It took less than an hour for Pun to kill them all. He went through all of his ammo--400 rounds and 17 grenades, as well as a mine that detonated--to defeat each attacker. When he ran out of ammo, a Taliban soldier climbed up to the roof, only to be hit with a machine-gun tripod that Pun threw at him.

Pun's valor was rewarded with a Victoria Cross, the highest British military decoration awarded for bravery.

The Taliban learned the hard way that if they go up against the Ghurkas they're going to die.

Here's another example:

In 2011, 35-year-old retired Gurkha Bishnu Shrestha was riding a train in India when 40 robbers stopped the train and began stealing passengers' belongings. Still carrying his kukri knife, the Gurkha took on the robbers, themselves armed with knives, swords and pistols. Shrestha managed to kill three robbers and injure eight others, which persuaded the other robbers to flee. The retired soldier also saved another passenger from rape.

I think these guys would give the SEALs a run for their money and come away the winners. As the saying goes, "Mess with the Best, Die like the Rest."

Tonight's GOP Debate

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Here are some of my observations from tonight's GOP debate from the Reagan Library:

First, Anderson Cooper looked as if he were trying to hide the fact there was some kind of unpleasant smell in the Library. Could that smell be Reagan's conservatism that permeates the memorial to him?

I thought it was pretty neat to see Reagan's Air Force One, a modified Boeing 707 that was replaced by a 747 after he left office, as the centerpiece of the pavilion where the debate was held.

I have to say I was disappointed at Carly's non-response to the question about whether she would be comfortable with Donald Trump's finger on the nuclear button. On the other hand I think she wanted to get to the more important issues that mattered to the American public and not get into the personalities.

The Donald had no problems insulting the other candidates on stage.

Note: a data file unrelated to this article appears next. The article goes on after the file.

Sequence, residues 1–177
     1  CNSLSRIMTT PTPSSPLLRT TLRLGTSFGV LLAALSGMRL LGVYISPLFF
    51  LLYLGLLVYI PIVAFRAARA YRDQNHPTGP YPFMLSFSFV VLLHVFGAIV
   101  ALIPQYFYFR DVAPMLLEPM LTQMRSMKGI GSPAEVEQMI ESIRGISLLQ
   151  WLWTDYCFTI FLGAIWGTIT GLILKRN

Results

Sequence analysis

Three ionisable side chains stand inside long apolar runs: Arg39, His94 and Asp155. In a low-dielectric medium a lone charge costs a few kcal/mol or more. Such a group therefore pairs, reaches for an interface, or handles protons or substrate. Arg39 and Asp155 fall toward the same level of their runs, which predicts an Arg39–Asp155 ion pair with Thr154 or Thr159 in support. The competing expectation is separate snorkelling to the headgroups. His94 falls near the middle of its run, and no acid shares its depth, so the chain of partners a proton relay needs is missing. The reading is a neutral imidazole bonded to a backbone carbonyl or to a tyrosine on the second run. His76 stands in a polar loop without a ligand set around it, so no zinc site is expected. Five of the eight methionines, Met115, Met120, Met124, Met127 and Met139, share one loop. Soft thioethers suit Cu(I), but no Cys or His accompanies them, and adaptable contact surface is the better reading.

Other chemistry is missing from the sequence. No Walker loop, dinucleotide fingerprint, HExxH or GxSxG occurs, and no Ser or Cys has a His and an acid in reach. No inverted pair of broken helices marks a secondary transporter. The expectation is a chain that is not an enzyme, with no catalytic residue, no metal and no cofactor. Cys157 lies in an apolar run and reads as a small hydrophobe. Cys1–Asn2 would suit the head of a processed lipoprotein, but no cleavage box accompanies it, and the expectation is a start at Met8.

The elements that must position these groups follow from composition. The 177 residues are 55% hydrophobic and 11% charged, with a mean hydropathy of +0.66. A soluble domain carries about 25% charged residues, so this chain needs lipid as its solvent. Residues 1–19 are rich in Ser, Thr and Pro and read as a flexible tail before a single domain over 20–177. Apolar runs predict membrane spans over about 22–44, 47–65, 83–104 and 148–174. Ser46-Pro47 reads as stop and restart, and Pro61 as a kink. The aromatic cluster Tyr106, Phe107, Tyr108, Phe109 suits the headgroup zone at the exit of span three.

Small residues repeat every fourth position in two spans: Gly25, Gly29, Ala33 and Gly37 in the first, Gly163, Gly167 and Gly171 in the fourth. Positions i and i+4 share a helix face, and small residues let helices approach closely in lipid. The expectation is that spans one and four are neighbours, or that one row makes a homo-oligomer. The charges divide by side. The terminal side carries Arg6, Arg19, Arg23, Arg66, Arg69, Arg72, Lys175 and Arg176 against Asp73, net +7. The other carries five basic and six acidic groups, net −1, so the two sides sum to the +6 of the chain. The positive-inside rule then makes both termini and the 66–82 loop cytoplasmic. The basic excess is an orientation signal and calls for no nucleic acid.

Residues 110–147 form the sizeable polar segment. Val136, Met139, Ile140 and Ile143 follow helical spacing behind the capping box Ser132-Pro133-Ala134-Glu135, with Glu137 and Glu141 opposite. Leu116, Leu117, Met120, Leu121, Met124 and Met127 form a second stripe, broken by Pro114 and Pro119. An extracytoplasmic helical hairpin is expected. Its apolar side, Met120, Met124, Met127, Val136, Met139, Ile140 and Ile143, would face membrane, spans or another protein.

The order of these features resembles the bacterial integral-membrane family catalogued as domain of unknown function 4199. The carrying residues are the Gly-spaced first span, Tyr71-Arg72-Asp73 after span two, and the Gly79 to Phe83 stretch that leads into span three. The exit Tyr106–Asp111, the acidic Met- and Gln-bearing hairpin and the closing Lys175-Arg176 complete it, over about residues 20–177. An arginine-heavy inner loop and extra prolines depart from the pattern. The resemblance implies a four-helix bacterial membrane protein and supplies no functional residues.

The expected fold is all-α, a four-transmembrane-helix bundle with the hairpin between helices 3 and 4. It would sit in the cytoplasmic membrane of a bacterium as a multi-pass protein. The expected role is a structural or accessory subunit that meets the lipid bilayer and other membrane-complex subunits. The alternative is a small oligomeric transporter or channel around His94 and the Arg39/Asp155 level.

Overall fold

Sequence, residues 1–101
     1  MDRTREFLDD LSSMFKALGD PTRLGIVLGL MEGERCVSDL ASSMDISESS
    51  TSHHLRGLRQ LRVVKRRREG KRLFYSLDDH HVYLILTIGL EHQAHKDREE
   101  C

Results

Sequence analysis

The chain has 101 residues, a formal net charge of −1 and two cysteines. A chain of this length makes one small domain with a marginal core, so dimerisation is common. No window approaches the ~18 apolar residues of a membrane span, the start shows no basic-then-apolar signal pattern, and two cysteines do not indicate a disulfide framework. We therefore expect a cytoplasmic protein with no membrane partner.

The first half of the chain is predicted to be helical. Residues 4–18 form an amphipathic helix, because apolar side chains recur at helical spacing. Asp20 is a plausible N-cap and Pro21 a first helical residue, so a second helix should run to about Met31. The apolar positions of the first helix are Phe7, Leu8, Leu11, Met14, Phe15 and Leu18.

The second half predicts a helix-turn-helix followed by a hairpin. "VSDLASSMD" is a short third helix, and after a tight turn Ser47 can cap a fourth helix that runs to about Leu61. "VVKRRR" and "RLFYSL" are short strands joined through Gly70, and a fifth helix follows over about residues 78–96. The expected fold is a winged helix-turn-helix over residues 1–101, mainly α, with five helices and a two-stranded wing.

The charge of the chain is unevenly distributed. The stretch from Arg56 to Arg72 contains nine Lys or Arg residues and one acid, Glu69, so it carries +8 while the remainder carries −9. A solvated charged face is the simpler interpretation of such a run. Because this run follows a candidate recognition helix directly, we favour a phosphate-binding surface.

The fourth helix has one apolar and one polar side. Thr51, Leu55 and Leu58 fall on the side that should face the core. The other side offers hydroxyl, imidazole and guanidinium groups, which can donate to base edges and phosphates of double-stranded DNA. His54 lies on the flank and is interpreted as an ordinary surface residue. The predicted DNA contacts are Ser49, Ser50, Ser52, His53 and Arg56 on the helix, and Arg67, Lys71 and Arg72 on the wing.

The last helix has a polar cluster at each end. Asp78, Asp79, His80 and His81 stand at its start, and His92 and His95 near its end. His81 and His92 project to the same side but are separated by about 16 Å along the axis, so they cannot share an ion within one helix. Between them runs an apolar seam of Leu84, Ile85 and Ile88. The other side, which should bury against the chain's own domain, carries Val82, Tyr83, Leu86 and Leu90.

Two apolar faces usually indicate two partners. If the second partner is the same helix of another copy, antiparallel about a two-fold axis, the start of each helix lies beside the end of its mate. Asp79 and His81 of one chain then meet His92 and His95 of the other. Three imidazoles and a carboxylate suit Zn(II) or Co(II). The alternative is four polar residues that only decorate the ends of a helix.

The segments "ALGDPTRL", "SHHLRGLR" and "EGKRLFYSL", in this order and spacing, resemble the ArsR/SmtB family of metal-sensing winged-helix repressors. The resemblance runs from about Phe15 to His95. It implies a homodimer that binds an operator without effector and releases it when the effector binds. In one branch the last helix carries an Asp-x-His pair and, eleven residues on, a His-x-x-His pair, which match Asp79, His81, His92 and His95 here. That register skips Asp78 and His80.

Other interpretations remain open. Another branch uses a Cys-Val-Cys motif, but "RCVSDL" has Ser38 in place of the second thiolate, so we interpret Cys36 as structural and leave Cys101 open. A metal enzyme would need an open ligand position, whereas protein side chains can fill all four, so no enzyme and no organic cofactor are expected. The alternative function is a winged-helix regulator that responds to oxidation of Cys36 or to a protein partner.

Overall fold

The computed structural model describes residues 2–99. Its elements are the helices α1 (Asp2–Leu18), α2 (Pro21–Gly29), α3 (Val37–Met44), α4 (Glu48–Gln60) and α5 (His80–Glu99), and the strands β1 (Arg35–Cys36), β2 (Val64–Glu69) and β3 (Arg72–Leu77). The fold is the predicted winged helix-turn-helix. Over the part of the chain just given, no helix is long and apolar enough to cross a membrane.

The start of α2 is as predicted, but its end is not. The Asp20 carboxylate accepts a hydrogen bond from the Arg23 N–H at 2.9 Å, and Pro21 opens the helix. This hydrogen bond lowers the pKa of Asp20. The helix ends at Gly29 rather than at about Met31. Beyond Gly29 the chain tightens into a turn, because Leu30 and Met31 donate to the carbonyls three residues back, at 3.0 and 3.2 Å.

Walker had a pretty good comeback to Trump, stating we didn't need an "Apprentice" in the White House as we already have one there.

Kasich nailed it, stating the backbiting going on during the debate was going to have people turning off their TV's. I agree.

Trump made one good point - Why are we fighting ISIS in Syria when ISIS is fighting Syria? Why not let them fight it out and then take on the winner? Not that I agree with him, but it was a good point.

Fiorina's response to Trump's statement that he can get along with anyone and about Russia's move into Syria was good - Putin understands and respects strength. We aren't strong and Putin knows it, so he's pushing the limits.

Jeb brought forth the issue of our deteriorating relation with Israel, one that Obama has worked hard to destroy, and that one of the things we need to do is reestablish our strong ties with them.

Just about everyone agreed the Iran deal was a bad idea. Most wanted to tear it up and start over again.

Kasich delved into defunding Planned Parenthood but didn't want to shut down the government to do it. He said it would backfire on the GOP and that the responsibility should be pushed down to the governors.

Fiorina kicked ass on the subjects of Iran and Planned Parenthood, getting loud applause from the audience when she challenged both Obama and Hillary Clinton to watch the awful videos and the coldhearted 'bargaining' for fetal organs.